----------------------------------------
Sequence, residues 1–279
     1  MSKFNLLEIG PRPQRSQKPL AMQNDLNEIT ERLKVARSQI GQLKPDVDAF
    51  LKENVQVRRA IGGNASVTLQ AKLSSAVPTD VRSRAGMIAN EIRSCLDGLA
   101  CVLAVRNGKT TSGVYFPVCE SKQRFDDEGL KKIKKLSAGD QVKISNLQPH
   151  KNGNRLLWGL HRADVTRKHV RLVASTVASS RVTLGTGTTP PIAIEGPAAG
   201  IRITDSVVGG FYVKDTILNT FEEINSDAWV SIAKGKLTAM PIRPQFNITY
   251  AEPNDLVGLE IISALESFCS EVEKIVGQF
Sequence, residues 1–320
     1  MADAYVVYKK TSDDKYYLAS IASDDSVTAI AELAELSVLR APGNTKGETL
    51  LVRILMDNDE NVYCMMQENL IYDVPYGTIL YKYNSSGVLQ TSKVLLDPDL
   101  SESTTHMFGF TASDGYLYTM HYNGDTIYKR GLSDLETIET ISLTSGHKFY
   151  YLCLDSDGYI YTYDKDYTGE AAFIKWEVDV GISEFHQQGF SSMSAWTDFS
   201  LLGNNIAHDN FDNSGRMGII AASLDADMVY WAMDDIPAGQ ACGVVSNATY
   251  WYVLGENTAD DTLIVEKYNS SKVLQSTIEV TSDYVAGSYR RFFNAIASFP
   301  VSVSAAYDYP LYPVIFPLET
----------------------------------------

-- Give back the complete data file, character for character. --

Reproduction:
Sequence, residues 1–279
     1  MSKFNLLEIG PRPQRSQKPL AMQNDLNEIT ERLKVARSQI GQLKPDVDAF
    51  LKENVQVRRA IGGNASVTLQ AKLSSAVPTD VRSRAGMIAN EIRSCLDGLA
   101  CVLAVRNGKT TSGVYFPVCE SKQRFDDEGL KKIKKLSAGD QVKISNLQPH
   151  KNGNRLLWGL HRADVTRKHV RLVASTVASS RVTLGTGTTP PIAIEGPAAG
   201  IRITDSVVGG FYVKDTILNT FEEINSDAWV SIAKGKLTAM PIRPQFNITY
   251  AEPNDLVGLE IISALESFCS EVEKIVGQF
Sequence, residues 1–320
     1  MADAYVVYKK TSDDKYYLAS IASDDSVTAI AELAELSVLR APGNTKGETL
    51  LVRILMDNDE NVYCMMQENL IYDVPYGTIL YKYNSSGVLQ TSKVLLDPDL
   101  SESTTHMFGF TASDGYLYTM HYNGDTIYKR GLSDLETIET ISLTSGHKFY
   151  YLCLDSDGYI YTYDKDYTGE AAFIKWEVDV GISEFHQQGF SSMSAWTDFS
   201  LLGNNIAHDN FDNSGRMGII AASLDADMVY WAMDDIPAGQ ACGVVSNATY
   251  WYVLGENTAD DTLIVEKYNS SKVLQSTIEV TSDYVAGSYR RFFNAIASFP
   301  VSVSAAYDYP LYPVIFPLET